Caudal fin pathologies and traumas can affect swimming, impede food and exhaust efficiency, and also increase susceptibility to bacterial and fungal infections. Adult salmon can regenerate their fin quickly and completely if it is amputated. However, yolk sac fry expressing anatomical defects in the caudal fin have been reported in southern Chile and are associated to a high mortality rate where regeneration does not occur. There are many studies on adult salmon but this description does not match the morphology of the juvenile phase. We describe the anatomy and histology of the caudal fin in salmon 15mm, 30 mm and 60 mm to facilitate the early diagnosis of diseases of the caudal fin. We worked with 60 salmon divided into three groups of 20 in steps of 15, 30 and 60 mm. 10 salmon from each group were processed with Hanken & Wassersug anatomical techniques. Another 10 fry from each group were processed using H&E/Alcian blue pH 2.5 techniques: for glycosaminoglycans and technical histochemistry Picrosirius Junqueira for collagen I and III. Upon hatching of fish (group 1) the caudal fin has no definitive form but has commenced training ray or lepidotriquias. In group 2, the caudal fin comprises from 19 to 20 lepidotriquias and two lobes one dorsal and one ventral, both are constituted under the notochord. Each lobe ray grows faster than the rays that lie between the lobes and a groove is formed between them. In group 3clearly shows the bilobed flap, 19 lepidotriquias that are now in the process of calcification are maintained. Each lepidotriquia grows distally by forming joints and segments. In group 2 an average of 4–5 lepidotriquia joints were recorded and in group 3 there was an increase at 6– 10 joints. This description of normal fry flap facilitates comparative study of the deformed fin.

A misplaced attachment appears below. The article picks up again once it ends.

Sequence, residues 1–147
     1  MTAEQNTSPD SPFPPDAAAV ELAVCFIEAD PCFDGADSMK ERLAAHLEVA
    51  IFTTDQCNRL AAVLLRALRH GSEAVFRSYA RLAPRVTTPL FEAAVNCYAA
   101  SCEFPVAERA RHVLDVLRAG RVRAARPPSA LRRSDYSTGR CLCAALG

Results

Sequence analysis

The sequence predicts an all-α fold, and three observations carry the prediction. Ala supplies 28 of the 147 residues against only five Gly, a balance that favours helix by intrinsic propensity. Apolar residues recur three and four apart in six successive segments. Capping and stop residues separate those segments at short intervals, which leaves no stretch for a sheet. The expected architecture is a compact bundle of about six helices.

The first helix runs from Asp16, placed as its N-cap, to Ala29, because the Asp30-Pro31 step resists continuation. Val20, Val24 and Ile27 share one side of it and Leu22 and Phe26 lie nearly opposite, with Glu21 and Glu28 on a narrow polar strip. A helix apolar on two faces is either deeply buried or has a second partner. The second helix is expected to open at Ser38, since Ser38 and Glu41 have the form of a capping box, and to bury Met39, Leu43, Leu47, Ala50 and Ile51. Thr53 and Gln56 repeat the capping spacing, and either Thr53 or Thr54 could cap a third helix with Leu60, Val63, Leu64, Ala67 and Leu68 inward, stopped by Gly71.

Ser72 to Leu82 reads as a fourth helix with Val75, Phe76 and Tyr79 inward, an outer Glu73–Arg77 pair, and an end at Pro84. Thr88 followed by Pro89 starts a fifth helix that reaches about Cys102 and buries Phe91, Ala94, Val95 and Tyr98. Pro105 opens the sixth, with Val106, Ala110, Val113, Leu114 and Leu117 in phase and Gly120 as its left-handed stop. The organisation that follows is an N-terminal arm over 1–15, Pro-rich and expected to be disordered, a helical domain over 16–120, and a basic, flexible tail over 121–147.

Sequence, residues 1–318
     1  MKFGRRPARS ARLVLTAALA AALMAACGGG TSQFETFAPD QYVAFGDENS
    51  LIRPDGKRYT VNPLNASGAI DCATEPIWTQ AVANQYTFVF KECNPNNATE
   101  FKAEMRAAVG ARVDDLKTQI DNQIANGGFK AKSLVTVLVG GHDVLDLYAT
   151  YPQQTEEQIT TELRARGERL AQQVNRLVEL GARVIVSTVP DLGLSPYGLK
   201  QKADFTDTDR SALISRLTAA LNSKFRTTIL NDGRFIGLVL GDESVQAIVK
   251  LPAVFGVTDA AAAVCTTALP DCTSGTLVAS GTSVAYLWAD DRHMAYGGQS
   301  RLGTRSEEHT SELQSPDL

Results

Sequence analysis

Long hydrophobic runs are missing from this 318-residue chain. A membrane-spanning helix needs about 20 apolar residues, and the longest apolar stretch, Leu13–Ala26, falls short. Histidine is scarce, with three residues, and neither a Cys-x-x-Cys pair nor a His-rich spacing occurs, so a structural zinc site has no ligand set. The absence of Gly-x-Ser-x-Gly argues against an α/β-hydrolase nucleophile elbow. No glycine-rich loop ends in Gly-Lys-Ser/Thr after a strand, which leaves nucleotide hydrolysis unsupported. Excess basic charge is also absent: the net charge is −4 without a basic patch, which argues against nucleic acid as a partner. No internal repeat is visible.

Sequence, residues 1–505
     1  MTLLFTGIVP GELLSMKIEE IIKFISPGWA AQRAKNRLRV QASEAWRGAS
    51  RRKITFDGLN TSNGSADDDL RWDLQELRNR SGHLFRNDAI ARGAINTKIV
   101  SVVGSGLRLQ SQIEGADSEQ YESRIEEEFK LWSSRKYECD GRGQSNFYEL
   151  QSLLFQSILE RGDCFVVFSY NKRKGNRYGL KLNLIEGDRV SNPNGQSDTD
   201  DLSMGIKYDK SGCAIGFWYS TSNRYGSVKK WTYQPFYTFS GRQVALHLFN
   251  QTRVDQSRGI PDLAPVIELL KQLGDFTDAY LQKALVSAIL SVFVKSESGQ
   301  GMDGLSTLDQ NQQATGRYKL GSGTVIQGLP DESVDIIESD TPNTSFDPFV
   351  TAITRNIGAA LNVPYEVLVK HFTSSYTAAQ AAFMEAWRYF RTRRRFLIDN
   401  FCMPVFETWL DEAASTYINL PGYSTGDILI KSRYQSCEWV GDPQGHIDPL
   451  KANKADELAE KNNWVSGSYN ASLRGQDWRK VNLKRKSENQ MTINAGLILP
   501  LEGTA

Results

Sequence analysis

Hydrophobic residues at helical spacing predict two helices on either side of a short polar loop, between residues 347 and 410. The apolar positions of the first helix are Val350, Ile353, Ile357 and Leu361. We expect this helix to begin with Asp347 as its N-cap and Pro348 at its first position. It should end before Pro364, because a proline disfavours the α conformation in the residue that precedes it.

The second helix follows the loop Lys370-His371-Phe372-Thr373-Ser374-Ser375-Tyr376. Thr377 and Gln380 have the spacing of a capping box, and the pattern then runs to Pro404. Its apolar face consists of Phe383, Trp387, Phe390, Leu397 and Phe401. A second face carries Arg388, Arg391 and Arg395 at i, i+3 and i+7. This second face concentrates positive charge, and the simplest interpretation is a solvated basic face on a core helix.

KEY WORDS: Development; Caudal fin; Lepidotrichia; Juvenile salmon; Salmo salar.